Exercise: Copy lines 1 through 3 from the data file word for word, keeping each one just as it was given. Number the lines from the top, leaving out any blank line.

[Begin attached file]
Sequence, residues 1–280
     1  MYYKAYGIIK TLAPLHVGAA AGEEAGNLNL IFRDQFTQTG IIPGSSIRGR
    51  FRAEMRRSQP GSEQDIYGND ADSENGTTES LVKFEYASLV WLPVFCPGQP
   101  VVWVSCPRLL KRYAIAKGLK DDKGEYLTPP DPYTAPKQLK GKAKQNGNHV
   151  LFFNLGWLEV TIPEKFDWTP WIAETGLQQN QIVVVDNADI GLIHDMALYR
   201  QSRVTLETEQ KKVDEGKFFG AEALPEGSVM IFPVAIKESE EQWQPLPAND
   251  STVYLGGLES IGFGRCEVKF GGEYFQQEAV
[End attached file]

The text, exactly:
Sequence, residues 1–280
     1  MYYKAYGIIK TLAPLHVGAA AGEEAGNLNL IFRDQFTQTG IIPGSSIRGR
    51  FRAEMRRSQP GSEQDIYGND ADSENGTTES LVKFEYASLV WLPVFCPGQP